Can the herd be expanded in existing facilities to increase milk production with more animals on feed?

If an expansion is looked at, be sure to consider whether it will affect a quota with the milk plant or if the milk plant will even take the additional milk.

Does the increase in feed inventory provide an opportunity to reduce cropping costs in 2022?

Feed and cropping expenses increased throughout 2021 and appear to be on an upward trend into 2022. Does the excess feed inventory provide opportunity to save on fertilizer cost, for example, knowing they can reduce spread on the field despite a potential negative effect on 2022 yield?

The importance of making a robust plan with the help of advisors will be a key to success for our farms in 2022. 

As bankers, we can help our customers navigate through making these decisions by providing financial analysis help in working through various scenarios and the impact each has on the client’s cost of production.

As feed and fertilizer cost increase heading into 2022, maximizing this excess feed inventory will be the key to 2022 cash profitability. One notable aspect that can be completed now to assist in mitigating continued rising costs is fall tillage. Future fuel costs are expected to be higher than today and it could be prudent to do tillage along with manure application in the fall. Optimum 2021 fall weather conditions are ideal for completing tillage. By completing fall tillage this will allow for less work, stress and timely planting in 2022. Not completing fall tillage will be a missed opportunity. Communication is the key in any relationship. Continue to work with your customers to be proactive in their planning for the upcoming year.

Craig Rogan is vice president, ag banking officer with Investors Community Bank in Stevens Point and serves on the WBA Agricultural Bankers Section Board of Directors.

The excitement of a new year and COVID-19, which affected the global supply chain during this pandemic, have awakened consumers to the importance of agriculture. We, as ag bankers, realize how important farmers are to this economy. We will start seeing more growers digitize their farms at a faster rate and use electronic platforms with their partners to conduct routine business. We also will see agricultural professionals increase their personal protective equipment for their staff and establish better social distancing to mitigate the risk of spreading the virus.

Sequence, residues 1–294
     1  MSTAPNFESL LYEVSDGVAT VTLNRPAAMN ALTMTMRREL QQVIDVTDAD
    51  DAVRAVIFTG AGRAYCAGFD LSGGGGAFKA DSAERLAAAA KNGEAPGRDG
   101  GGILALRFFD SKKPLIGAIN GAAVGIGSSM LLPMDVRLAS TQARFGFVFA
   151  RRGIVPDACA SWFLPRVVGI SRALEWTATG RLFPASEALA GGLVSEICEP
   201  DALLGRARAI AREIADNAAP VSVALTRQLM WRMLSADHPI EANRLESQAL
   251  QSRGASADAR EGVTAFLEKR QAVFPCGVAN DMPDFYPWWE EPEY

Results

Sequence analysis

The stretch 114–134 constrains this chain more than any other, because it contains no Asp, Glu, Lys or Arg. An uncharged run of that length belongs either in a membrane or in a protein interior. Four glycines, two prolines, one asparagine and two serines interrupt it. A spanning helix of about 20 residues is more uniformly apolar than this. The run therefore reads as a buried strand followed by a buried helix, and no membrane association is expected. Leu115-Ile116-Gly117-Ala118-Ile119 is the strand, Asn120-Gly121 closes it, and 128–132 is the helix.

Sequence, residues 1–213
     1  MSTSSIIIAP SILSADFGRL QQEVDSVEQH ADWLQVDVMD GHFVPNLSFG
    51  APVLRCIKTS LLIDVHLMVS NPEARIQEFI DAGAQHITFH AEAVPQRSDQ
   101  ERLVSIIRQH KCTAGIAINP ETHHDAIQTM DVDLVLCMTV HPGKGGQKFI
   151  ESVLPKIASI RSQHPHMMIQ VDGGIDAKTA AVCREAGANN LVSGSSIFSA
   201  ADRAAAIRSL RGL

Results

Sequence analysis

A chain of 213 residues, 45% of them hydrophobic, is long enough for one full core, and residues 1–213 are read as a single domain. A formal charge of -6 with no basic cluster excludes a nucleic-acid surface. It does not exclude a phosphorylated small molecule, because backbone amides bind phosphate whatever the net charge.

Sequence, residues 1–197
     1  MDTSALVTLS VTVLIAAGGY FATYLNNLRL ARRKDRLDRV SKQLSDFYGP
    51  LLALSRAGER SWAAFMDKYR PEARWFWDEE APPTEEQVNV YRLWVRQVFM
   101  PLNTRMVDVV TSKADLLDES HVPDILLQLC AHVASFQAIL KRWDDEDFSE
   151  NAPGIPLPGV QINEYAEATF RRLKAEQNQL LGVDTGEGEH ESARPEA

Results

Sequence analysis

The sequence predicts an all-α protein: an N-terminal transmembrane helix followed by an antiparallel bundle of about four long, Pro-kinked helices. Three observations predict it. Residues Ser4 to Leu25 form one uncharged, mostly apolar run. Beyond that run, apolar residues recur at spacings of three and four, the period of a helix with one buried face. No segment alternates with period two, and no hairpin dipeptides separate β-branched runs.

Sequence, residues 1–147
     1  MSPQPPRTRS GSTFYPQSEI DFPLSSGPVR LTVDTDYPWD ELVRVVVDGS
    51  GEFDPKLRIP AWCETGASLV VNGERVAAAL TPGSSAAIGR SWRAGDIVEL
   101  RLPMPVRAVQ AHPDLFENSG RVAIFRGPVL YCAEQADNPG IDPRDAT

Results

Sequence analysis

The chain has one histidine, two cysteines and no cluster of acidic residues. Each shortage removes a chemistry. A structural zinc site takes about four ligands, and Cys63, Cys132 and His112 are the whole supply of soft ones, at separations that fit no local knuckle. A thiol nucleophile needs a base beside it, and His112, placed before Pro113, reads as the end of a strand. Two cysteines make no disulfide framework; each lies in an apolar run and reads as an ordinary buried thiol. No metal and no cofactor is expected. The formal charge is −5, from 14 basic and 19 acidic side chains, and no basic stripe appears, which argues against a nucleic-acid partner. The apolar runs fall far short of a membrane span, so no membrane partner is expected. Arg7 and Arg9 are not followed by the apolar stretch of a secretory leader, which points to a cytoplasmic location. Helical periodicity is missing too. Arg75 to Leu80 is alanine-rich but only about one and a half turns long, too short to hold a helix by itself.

If the virus doesn’t get under control and the infection rate keeps increasing, we could see supply chain shortages and slowdowns from farm product deliveries as workers stay home due to illness or caring for a family member. These same concerns would affect processors. Slowdowns could also impact fertilizer, fuel, and other farm inputs.

Everyone has experienced a lot of stress this year dealing with the COVID-19 pandemic, which has caused turmoil in markets and loss of work and family illness. I hope that we all stand together to get through these hard times and put our people and country first.

Let’s all remember to thank all the farmers who work so hard to supply for the needs of this country.

Paul Curran is VP, commercial/ag lending with Ergo Bank in Fox Lake and serves on the WBA Agricultural Bankers Section Board of Directors.

25 bankers attended and completed the WBA Agricultural Lending School, held August 4-6 at the WBA office in Madison. In addition to the classroom instruction, case study work, and many discussions, the group also went on a farm tour of Sassy Cow Creamery in Columbus. The group met with third generation co-owner and operator James Baerwolf to discuss their farm operation, then enjoyed dinner and ice cream back at the creamery. A special thank you goes to Sassy Cow Creamery for hosting our bankers!
 
The school is instructed by BMO Harris Bank's Bradley Guse and UW-Platteville Professor Kevin Bernhardt.
 
Congratulations to these bankers for their successful completion of the 2021 school!
  • Allison Batton, Royal Bank, Cobb
  • Amber Bellows, Investors Community Bank, Oneida
  • Becky Bisek, Waumandee State Bank
  • Derek Blanchard, Investors Community Bank, Marshfield
  • Joseph Boilini, Town Bank, Burlington
  • Kari Bosse, Bank First, Watertown
  • Aaron Breuer, Peoples State Bank, Mount Hope
  • Ashley Connors, Royal Bank, Cazenovia
  • Hannah Delwiche, USDA – Farm Service Agency, Sturgeon Bay
  • Jacob Flannery, Wisconsin Bank and Trust, Monroe
  • Daniel Glass, Peoples State Bank, Lancaster
  • Tracy Gomoluch, Investors Community Bank, Green Bay
  • Tony Hein, Citizens State Bank of Loyal, Neillsville
  • Cody Kirschbaum, Peoples State Bank, Prairie du Chien
  • Josh Murray, Farmers & Merchants Bank of Kendall
  • Brooklynn Nagel, Royal Bank, Prairie du Chien
  • Kasie Nellis, Bank First, Waupaca
  • Aubrey Netzel, Investors Community Bank, New London
  • Nick Neubauer, River Bank, Holmen
  • Cole Paulson, CCFBank, Barron
  • Alison Prey, Investors Community Bank, Green Bay
  • Derek Sedlacek, Bank of Luxemburg
  • Joel Steber, Peshtigo National Bank, Green Bay
  • Amanda Suchla, Bank of Prairie du Sac
  • Julie Vomastic, Investors Community Bank, Cecil

By, Lori Kalscheuer